China Demand Driving Up Prices for Sawlogs in North America
April 13, 2011 - Softwood sawlog prices have trended upwards in all major regions of
North America over the past two years, reports Wood Resources International (WRI).
According to WRI, the biggest increases have occurred in the U.S. Northwest, where the log export market has had a major impact on the supply-demand
balance. Total log shipments to Asia from the U.S. west coast last year were the highest
they have been in 14 years, and much of this increase was the result of China’s seemingly
never-ending need for wood raw-material.
The U.S. Southeast and U.S. South Central are the sub-regions where log prices have increased the least since 2009 — in fact, prices in
these regions even fell slightly late last year, WRI said.
In the 4th quarter of 2010, Douglas-fir log prices in the Northwest were up 19 percent from the same quarter in 2009. Hemlock sawlog prices, which increasingly have been influenced by log
exports to China and South Korea, have gone up over 25 percent the past 12 months.
With the recent price increases, sawmills in the West now have higher wood raw material
costs than sawmills in the South, which is opposite to the situation in 2009.
Price levels in the Southern states are currently close to their lowest point of 15 years.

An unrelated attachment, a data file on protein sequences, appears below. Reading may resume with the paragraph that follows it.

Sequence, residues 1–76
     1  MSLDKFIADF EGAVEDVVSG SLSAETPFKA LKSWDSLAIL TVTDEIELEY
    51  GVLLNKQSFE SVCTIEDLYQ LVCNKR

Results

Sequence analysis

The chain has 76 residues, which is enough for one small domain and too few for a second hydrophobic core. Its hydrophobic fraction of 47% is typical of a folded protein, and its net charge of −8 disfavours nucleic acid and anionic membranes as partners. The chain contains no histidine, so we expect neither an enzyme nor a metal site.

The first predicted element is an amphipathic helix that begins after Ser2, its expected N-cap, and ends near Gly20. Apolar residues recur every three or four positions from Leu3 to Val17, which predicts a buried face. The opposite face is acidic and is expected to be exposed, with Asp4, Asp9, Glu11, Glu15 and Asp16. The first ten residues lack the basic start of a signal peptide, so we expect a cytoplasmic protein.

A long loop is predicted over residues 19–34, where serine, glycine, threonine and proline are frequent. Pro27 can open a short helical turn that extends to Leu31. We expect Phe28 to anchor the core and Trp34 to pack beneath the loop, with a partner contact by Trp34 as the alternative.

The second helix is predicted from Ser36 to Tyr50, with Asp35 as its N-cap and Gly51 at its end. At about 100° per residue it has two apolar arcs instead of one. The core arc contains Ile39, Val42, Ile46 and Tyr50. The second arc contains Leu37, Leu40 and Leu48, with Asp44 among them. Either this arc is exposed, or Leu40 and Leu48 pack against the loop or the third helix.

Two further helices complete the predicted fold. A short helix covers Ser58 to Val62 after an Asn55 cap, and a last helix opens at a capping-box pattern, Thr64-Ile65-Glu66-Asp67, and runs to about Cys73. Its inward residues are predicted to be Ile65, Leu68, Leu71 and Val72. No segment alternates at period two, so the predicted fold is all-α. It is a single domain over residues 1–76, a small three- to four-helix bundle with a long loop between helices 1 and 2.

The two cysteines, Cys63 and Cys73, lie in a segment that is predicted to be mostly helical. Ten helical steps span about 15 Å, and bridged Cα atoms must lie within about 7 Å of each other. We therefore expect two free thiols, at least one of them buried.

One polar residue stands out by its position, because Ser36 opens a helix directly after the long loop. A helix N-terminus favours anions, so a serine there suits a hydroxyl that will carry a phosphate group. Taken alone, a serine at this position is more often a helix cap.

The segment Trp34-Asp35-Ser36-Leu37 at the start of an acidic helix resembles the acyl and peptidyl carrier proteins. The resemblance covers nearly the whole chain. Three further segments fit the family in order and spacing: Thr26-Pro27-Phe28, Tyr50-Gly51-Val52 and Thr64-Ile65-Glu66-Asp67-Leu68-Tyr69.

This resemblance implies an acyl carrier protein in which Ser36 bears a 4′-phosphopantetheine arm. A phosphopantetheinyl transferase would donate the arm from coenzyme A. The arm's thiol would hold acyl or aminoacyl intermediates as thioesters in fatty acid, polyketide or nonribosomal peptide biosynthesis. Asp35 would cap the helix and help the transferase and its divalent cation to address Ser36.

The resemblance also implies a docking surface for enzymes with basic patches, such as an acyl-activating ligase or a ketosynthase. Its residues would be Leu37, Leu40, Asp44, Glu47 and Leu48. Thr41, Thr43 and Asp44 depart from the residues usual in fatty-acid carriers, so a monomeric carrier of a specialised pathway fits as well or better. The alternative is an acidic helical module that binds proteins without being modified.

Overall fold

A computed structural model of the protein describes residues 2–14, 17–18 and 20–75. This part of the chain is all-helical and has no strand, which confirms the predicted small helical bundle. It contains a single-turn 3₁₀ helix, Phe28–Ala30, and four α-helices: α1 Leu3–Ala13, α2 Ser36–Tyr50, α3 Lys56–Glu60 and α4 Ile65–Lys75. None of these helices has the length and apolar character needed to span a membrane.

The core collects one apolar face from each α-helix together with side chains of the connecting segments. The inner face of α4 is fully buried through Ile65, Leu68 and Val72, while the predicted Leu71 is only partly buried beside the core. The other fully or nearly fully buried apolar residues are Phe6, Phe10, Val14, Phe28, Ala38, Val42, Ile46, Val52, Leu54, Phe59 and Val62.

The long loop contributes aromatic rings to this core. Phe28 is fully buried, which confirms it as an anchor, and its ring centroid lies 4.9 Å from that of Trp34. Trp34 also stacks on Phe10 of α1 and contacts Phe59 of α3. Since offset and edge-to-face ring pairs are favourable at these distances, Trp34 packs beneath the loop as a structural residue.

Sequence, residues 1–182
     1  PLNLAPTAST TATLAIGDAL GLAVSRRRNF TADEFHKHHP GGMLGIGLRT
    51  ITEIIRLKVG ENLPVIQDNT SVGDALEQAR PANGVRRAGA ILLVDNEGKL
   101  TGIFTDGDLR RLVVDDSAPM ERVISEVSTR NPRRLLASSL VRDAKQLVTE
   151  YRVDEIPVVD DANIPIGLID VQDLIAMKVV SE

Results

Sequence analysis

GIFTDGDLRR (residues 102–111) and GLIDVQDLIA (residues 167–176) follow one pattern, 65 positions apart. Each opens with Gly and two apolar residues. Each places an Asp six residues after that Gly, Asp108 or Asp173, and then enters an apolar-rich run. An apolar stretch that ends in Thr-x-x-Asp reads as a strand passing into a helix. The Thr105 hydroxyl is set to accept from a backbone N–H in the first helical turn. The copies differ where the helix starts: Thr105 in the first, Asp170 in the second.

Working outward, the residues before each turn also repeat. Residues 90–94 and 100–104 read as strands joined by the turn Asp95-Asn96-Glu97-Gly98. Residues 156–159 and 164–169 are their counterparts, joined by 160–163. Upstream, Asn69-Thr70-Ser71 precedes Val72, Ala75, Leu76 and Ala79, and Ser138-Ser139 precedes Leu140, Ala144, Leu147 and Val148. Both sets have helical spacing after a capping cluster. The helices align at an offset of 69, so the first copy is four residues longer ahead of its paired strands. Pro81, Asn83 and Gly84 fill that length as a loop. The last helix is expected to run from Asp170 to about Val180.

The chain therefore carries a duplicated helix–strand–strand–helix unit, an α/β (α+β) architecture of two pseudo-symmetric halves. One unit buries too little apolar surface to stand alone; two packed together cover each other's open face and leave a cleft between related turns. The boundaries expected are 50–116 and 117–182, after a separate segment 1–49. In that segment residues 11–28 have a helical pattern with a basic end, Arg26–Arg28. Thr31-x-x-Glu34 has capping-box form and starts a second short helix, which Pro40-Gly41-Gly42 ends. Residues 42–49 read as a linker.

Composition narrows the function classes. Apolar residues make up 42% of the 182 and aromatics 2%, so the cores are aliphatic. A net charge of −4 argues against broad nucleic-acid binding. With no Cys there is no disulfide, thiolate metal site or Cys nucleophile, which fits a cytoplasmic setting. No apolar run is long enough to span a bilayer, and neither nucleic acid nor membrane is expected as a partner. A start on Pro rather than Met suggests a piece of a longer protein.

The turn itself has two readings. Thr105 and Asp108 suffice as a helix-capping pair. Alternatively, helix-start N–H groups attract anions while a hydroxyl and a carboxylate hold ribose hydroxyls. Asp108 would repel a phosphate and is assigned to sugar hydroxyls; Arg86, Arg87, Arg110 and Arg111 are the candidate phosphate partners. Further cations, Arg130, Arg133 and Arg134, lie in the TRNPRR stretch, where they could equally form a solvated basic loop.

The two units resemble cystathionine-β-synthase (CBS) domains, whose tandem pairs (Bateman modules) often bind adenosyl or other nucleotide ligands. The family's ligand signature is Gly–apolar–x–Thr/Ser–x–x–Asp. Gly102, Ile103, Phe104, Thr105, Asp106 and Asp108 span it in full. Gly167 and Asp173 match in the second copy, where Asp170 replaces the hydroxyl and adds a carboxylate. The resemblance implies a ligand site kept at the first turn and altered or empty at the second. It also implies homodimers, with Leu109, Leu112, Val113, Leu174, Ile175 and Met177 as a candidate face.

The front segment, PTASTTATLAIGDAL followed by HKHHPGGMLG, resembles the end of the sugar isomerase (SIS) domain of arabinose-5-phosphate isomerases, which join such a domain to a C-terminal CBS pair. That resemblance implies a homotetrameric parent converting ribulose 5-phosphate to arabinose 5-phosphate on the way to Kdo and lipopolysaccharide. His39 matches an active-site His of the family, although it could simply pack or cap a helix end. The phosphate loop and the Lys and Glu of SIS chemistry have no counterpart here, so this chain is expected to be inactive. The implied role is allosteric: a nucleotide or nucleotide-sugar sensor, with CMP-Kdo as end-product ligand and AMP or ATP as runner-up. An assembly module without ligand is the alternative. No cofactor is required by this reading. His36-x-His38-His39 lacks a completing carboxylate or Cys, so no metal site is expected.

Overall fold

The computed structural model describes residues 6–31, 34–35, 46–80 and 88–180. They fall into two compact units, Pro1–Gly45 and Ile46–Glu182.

Sawlog prices in Canada have followed the same pattern as in the U.S., with prices in the
Western provinces increasing more than in the Eastern provinces. In the 4Q/10, log prices
in British Columbia had moved up to their highest levels in over two years in US dollar
terms. Despite the increase, softwood lumber producers in the Interior of the province
still have some of the lowest wood raw-material costs on the continent, WRI said.
Western Canada currently has the lowest sawlog prices in the world. In Canadian dollar terms, prices have fluctuated less in 2010
than they have over the past few years, and Western and Eastern Canada were actually
two of the few regions in the world that had lower log costs in the 4Q/10 in the local
currency than they did in the 4Q/08, WRI noted.
SOURCE: Wood Resources International LLC